Jason, I've looked through your blog, and it's unfortunate that you don't have a readership worth note, but perhaps I can help by commenting occasionally.

Regarding this particular post, I'm not sure what you're trying to accomplish.

This scientist clearly believes Darwinian evolution ("Yes, evolution by descent from a common ancestor is clearly true."), and since he even notes that your own Christadelphian interpretation is incompatible with this belief ("[T]his is incompatible with an ultra-literal interpretation of Genesis"), at least according to the Statement of Faith this blog links to...

So it appears that all you've accomplished is the weakening of your own position.

I'd further say that this scientist is pretty ineffective when defending his notion of "revelation". I daresay, in fact, that he hasn't defended this at all (though, to be fair, this isn't apparently the aim of his statement).

Instead, he's given credence to the various personal "revelations" claimed by a great many people of all creeds. Note the subtle divorcing of the science of Darwinian evolution from the belief in a creator (e.g. Intelligent Design), and the further divorce from that pseudo-science (I'll grant you it could be considered science) to the clearly unscientific definition of who that Intelligent Designer might be.

All he's done is say that yes, evolution is a fact, and that besides that fact, he's had a personal "revelation" which has confirmed to him that [liberal] Christianity is the proper religion, even though the very first sentences in the bible are allegory/metaphor at best.

--
Stan

April 26, 2008 4:52 PM  
Blogger Jason said...

Stan,

Thanks for your comment.

"...and since he even notes that your own Christadelphian interpretation is incompatible with this belief... Statement of Faith this blog links to..."

I don't see any incompatibility as there's no dogmatic 'Christadelphian interpretation' that enforces an "ultra-literal interpretation of Genesis".

...even though the very first sentences in the bible are allegory/metaphor at best.

On what grounds?

April 26, 2008 5:53 PM  
Blogger Stan, the Half-Truth Teller said...

I don't see any incompatibility as there's no dogmatic 'Christadelphian interpretation' that enforces an "ultra-literal interpretation of Genesis".

True, there doesn't seem to be a requirement of the "ultra-literal" interpretation, but I'd say that the following pretty neatly denies evolution (from the Christadelphian Statement of Belief, item #4:

[T]he first man was Adam, whom God created out of the dust of the ground as a living soul...

If the first human was instead a descendant of a line of hominid primates, then he wasn't Adam, and he wasn't created out of the dust of the ground. Unless...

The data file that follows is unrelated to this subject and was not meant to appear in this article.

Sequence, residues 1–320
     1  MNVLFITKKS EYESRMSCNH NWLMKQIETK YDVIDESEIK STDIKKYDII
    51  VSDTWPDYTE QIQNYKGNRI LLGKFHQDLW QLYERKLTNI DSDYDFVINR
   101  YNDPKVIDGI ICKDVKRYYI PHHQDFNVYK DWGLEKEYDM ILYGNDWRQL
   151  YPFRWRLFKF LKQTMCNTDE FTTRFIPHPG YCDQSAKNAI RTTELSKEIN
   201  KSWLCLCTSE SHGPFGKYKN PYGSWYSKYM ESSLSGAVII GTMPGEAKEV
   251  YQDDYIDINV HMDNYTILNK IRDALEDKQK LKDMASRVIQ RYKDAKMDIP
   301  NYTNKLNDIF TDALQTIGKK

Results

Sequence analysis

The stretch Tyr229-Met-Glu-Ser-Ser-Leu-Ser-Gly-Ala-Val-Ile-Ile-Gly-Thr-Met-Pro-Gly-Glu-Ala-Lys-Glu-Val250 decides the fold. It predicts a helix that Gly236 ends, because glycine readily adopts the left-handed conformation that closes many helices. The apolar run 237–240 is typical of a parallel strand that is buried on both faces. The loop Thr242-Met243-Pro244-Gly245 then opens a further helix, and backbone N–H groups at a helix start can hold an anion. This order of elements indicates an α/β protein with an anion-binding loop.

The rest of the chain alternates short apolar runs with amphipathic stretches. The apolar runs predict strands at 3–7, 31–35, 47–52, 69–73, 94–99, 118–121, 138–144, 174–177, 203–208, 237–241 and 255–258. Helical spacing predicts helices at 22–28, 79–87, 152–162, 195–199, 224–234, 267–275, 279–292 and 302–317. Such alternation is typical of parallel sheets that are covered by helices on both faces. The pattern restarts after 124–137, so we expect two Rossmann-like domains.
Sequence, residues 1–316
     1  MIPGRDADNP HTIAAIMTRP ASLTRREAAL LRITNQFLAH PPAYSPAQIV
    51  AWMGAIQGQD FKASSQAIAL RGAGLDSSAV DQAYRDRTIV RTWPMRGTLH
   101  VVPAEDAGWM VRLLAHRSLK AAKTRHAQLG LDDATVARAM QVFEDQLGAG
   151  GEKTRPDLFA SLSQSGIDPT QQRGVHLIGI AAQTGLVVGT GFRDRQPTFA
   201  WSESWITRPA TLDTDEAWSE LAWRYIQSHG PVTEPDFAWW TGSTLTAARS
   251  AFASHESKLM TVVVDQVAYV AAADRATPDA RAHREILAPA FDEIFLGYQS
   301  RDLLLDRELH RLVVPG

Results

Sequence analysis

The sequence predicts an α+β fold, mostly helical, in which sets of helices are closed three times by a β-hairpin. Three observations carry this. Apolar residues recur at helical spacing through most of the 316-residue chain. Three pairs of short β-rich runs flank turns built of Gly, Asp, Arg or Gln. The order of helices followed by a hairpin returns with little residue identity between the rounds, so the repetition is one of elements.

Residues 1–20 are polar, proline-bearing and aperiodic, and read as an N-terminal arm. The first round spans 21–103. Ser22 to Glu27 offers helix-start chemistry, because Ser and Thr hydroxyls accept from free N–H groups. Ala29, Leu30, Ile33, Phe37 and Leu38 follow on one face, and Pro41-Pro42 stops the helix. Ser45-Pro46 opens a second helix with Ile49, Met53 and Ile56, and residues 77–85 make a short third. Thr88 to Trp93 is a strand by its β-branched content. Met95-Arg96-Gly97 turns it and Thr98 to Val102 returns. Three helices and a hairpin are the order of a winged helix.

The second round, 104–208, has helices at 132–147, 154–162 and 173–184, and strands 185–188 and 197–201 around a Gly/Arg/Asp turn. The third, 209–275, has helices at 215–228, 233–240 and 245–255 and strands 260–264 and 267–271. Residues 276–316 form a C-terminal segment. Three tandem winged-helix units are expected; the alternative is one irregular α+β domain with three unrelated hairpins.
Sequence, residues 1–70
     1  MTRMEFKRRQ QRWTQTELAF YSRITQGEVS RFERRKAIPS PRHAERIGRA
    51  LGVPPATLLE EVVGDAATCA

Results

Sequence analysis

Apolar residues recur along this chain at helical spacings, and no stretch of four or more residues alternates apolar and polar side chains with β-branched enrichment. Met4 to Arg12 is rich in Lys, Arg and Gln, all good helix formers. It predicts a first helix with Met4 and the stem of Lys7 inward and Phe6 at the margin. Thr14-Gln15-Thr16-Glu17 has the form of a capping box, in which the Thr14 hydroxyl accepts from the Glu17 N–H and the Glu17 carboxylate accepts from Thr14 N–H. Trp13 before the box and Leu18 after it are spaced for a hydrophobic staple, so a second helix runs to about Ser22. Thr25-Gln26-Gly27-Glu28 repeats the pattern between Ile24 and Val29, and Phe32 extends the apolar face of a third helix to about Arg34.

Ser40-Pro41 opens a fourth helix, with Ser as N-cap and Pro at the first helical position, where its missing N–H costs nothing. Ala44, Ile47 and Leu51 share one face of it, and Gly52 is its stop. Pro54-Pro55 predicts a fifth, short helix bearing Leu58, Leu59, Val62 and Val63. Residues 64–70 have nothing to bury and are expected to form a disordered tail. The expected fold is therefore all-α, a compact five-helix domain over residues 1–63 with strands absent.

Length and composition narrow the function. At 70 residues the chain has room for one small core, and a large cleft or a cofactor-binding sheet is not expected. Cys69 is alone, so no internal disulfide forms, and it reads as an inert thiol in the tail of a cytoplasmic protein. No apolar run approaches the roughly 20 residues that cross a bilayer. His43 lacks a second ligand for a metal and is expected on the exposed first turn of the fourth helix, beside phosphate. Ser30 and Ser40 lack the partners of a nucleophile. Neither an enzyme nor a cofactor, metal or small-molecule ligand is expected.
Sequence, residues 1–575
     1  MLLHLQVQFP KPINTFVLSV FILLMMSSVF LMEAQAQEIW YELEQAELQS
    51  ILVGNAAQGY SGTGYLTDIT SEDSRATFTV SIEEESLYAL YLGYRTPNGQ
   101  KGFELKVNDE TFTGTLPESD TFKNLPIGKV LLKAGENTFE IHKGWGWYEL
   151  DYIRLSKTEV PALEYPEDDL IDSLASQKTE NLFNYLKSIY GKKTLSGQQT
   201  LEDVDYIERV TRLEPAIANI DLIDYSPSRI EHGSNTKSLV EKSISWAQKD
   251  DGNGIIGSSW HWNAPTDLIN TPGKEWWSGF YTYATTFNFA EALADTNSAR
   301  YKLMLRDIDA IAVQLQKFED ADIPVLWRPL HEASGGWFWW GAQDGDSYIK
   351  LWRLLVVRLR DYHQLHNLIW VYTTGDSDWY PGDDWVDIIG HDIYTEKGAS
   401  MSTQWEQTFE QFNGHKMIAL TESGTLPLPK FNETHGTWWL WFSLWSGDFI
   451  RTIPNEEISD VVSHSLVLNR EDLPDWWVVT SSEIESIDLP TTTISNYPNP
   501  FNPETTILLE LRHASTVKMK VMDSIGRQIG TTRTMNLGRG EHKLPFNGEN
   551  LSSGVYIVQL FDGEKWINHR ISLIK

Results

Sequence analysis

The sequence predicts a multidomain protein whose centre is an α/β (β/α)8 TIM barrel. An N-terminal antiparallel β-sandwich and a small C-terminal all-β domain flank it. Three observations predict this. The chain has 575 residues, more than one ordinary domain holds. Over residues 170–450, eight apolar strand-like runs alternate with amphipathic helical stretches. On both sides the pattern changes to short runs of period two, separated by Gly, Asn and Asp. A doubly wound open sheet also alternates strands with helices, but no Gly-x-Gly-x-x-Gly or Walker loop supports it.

...the very first sentences in the bible are allegory/metaphor at best.

On what grounds?


Well, on those grounds, for one, and for two, the whole statement was as follows:

All [Dr. Collins has] done is say that... the very first sentences in the bible are allegory/metaphor at best.

So Dr. Collins is saying that the Genesis 1 account is allegory and/or metaphor, if not completely fictional...

So your topic's title, Collins: Why this scientist believes in [g]od could just as well be, Collins: Why this scientist is not a Christadelphian -- in either case, the substance of the post does not help the cause of Christadelphianism.

--
Stan

April 26, 2008 6:35 PM  
Blogger Jason said...

Stan said: If the first human was instead a descendant of a line of hominid primates, then he wasn't Adam, and he wasn't created out of the dust of the ground. Unless...

From a Biblical perspective, Adam was the first man who God created. We’re not told about anything prior to this.

So Dr. Collins is saying that the Genesis 1 account is allegory and/or metaphor, if not completely fictional...

Where does he say this?

So your topic's title, Collins: Why this scientist believes in [g]od could just as well be, Collins: Why this scientist is not a Christadelphian -- in either case, the substance of the post does not help the cause of Christadelphianism.

The article wasn’t posted to ‘help the cause of Christadelphianism’. It was posted as point of interest.

April 26, 2008 8:08 PM  
Blogger Stan, the Half-Truth Teller said...

If the first human was instead a descendant of a line of hominid primates, then he wasn't Adam, and he wasn't created out of the dust of the ground. Unless...

From a Biblical perspective, Adam was the first man who God created. We're not told about anything prior to this.


No?

Day 1: Light created, separated from darkness

Day 2: Sky created to separate water below from water above